In the wake for a third storm that left much of northern Ridgefield acutely aware of it’s lack of reliable cell phone service, the selectmen are trying to push a potential for a cell tower site back into a revived purchase of 28 acres off Ledges Road as open space.
Bitter neighborhood opposition killed a proposed purchase of the same land for combined cell tower and open space purposes back in 2011.
At a special meeting Monday morning, Nov. 19, the selectmen scheduled the Conservation Commission’s proposed purchase of the 28 acres off Ledges Road for a public hearing and town meeting.
But they told Ben Oko to return to tonight’s Conservation Commission meeting and ask members to agree that the purchase proposal would be advanced to town meeting with an understanding the selectmen might come back and ask to buy an acre or less at the top of the steeply rising property for a cell tower site.
The renegotiated purchase put forward by the Conservation Commission last week was intended as open space, and has a $825,000 price which the Conservation Commission can cover from it’s Open Space Conservation Fund.
The price was $1 million in 2011 when neighborhood opposition to a cell tower sank a proposed joint purchase of the same 28-acre tract by the Conservation Commission and the selectmen.
The 2011 deal was meant to serve the dual purpose of adding open to the town’s open space while providing a site for a cell tower site that cell phone company engineers say would greatly improve cell phone communication in northern Ridgefield, where many areas have little or no cell service.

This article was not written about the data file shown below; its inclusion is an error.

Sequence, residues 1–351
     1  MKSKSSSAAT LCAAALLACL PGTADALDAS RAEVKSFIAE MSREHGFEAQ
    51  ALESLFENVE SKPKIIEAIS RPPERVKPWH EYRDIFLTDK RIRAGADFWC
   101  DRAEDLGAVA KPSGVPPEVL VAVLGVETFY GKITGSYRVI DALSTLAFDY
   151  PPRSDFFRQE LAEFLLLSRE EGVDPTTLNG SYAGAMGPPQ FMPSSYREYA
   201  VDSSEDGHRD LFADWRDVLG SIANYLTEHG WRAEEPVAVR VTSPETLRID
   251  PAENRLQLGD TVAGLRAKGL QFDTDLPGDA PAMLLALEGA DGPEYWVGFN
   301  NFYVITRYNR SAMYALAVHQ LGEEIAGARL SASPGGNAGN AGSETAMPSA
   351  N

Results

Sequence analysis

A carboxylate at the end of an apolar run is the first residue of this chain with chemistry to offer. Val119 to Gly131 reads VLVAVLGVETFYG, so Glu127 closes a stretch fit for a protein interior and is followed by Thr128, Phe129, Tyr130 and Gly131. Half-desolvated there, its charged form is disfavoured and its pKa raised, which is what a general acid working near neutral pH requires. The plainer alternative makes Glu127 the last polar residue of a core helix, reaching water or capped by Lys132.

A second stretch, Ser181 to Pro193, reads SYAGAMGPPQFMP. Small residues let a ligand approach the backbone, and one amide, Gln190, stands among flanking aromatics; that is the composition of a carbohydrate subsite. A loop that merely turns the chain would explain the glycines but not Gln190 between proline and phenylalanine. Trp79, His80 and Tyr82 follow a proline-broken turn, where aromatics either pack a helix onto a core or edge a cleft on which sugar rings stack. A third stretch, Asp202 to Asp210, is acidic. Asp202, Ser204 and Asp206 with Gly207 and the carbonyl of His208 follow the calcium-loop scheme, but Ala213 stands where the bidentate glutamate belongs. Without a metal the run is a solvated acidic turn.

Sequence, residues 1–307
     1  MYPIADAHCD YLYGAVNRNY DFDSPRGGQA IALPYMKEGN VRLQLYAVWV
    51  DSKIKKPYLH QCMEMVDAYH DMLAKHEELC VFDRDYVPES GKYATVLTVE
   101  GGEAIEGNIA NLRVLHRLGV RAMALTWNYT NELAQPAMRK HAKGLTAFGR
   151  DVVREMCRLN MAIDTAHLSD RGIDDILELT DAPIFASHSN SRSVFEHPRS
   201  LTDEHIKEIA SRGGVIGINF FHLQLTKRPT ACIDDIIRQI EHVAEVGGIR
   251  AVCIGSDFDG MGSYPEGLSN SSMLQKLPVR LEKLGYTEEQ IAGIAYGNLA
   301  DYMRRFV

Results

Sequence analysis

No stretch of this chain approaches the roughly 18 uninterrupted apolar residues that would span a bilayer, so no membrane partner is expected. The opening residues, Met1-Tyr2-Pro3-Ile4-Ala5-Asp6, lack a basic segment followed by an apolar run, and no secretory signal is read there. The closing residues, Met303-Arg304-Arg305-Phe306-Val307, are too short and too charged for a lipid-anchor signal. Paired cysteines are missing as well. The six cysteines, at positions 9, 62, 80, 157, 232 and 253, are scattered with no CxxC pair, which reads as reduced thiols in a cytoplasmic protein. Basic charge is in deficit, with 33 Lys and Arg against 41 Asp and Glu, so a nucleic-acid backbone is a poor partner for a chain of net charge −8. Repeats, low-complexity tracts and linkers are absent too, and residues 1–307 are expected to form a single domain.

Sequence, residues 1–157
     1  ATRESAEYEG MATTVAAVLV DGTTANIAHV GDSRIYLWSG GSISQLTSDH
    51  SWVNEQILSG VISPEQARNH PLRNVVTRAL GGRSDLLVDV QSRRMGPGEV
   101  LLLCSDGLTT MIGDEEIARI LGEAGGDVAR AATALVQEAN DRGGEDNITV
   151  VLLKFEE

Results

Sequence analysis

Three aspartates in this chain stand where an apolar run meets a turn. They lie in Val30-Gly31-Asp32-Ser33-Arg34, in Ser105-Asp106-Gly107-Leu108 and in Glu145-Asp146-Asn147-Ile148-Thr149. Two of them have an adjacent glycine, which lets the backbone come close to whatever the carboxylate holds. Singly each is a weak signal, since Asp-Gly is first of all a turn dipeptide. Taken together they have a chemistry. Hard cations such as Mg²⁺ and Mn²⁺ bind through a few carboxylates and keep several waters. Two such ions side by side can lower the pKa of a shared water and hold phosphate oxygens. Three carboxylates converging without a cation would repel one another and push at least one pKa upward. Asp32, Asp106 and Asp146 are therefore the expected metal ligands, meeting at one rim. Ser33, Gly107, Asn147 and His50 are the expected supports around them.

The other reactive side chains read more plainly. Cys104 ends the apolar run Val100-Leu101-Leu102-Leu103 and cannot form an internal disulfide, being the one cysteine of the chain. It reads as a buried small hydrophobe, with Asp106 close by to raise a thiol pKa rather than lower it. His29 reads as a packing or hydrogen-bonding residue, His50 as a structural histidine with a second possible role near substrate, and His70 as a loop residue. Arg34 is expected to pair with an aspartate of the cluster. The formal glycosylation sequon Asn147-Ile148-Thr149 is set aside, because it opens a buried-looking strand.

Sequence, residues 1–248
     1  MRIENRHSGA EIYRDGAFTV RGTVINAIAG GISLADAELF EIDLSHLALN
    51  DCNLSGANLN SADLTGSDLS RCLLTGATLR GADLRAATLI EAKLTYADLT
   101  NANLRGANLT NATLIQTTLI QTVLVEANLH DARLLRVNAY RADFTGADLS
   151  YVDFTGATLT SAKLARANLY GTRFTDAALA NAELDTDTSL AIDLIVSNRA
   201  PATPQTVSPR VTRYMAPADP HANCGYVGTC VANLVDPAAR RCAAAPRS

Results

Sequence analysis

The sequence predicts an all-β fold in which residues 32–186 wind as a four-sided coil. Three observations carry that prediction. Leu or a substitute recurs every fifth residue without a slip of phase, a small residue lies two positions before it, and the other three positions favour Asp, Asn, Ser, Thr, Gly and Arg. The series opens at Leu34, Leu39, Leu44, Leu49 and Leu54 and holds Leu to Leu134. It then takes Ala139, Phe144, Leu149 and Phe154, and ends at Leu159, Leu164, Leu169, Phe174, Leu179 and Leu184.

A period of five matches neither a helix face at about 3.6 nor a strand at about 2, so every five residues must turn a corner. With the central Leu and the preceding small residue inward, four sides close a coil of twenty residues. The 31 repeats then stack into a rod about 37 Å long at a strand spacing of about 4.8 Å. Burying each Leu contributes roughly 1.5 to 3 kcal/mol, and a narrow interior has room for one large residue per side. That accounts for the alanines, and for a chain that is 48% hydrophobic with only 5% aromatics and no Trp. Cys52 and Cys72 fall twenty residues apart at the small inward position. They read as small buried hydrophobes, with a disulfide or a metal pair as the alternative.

The Conservation Commission’s new deal was not put together with a cell tower site in mind. But Dr. Oko told the selectmen, there is no provision dictating open space use in the contracts signed by the private sellers.
However, the money the Conservation Commission planned to use to buy the property come from private fund raising done for the expressed purpose of buy open space land — not land for cell towers.
The Conservation Commission would be leery of having it’s new proposal tied up with a cell plan, Dr. Oko told the selectmen Monday morning.
“We supported it at the time,” he said of the dual-purpose deal in 2011. “We got a lot of heat for it.”
Mr. Marconi said things had changed.
“Since then, we’ve had another catastrophic storm,” he said.
The public hearing on the proposed purchase was scheduled the week after Thanksgiving, on Wednesday, Nov. 28, at 7:30 in the town hall’s lower level conference room.
The town meeting was scheduled two weeks after that, on Wednesday, Dec. 12, also at 7:30 in town hall.
Mr. Marconi said the hearing and/or meeting might be moved to a bigger venue if it appears large numbers of people plan to attend.
The vote was 2-to-1, with Mr. Marconi and Selectwoman Maureen Kozlark in favor, and Selectman Andy Bodner opposed.
Mr. Bodner did not want to call a public hearing until after the selectmen had assurances the cell tower site would be possible on the property.
“This is our one bite at the apple,” he said.
Mr. Marconi felt it made sense to goa head with the hearing.
“It may be a good forum to have this debate,” he said.
Either way, a purchase will go through only if it is approved by voters, and its conditions will be dictated by what they approve.